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Tornado drill set as Michigan marks Severe Weather Week

Though some snow still lingers and substantial ice remains on area lakes, signs of warmer times to come already have appeared in the north with several days of temperatures in the 60s.

It also means chances will rise in coming weeks for dangerous storms as spring advances.

With that in mind, Michigan Gov. Gretchen Whitmer has proclaimed this to be Severe Weather Awareness Week in the state.

As part of the week, the Michigan State Police’s Emergency Management and Homeland Security Division encourages residents to participate in a voluntary statewide tornado drill at 1 p.m. Wednesday by using the time to discuss emergency plans when severe weather threatens — rather than actually moving to what usually are tight, enclosed spaces — to maintain social distancing due to COVID-19.

“Tornadoes can happen at any time but are more prevalent in late spring and early summer. It’s important that your household or business has a plan to react quickly,” said Capt. Kevin Sweeney, deputy state director of Emergency Management and commander of the MSP/EMHSD. “This year, we are asking that large groups not shelter in place together during the drill but to instead use the opportunity to go over their emergency plans and update them if necessary.”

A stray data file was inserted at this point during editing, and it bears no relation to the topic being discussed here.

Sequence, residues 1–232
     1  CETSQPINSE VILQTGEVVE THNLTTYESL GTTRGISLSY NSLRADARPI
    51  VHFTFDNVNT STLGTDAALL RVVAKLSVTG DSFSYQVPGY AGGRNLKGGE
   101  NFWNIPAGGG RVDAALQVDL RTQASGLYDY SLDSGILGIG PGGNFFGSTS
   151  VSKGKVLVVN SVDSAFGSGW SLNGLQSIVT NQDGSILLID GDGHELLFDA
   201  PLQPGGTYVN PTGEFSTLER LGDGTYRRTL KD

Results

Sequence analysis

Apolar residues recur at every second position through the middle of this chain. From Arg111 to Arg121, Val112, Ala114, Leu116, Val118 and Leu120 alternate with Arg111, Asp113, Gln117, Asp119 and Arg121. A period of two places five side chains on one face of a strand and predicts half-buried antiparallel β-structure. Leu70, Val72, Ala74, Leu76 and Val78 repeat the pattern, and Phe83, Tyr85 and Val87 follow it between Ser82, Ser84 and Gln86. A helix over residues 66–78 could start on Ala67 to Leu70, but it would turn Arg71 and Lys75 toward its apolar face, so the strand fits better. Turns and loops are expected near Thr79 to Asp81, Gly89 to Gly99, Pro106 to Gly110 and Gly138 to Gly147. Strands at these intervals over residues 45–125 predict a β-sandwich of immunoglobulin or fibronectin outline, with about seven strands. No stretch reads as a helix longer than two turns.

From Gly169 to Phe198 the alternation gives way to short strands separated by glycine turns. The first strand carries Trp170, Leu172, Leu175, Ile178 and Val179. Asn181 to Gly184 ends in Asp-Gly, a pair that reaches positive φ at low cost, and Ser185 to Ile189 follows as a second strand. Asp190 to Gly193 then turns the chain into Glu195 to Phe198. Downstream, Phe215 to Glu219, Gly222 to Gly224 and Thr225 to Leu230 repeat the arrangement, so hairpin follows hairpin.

During the statewide tornado drill, residents will observe or hear alerts on NOAA Weather Radios, TV and radio stations. To learn how local alerts are administrated and which communities are participating, contact the local emergency management agency.

The average lead time for tornadoes to develop is 10 to 15 minutes, which means residents need to be ready to react quickly when a warning is issued.

To be ready for a tornado:

— Know the difference: Tornado Watch means conditions exist for a tornado to develop; Tornado Warning means a tornado has been sighted or indicated by weather radar.

— Know the signs of an approaching tornado: dark, often greenish sky; large hail; a large, dark low-lying cloud; and loud roar, like a freight train.

— Develop an emergency preparedness kit with essential items such as a three-day supply of water and food, a NOAA Weather Radio, important family documents and items that satisfy unique family needs.

— Conduct regular tornado drills. Make sure each household member knows where to go and what to do in the event of a tornado.

— Stay tuned to commercial radio or television broadcasts for news on changing weather conditions or approaching storms.

For more information about being safe before, during and after a tornado, follow the MSP/EMHSD on Twitter at @MichEMHS or go online to www.michigan.gov/miready.

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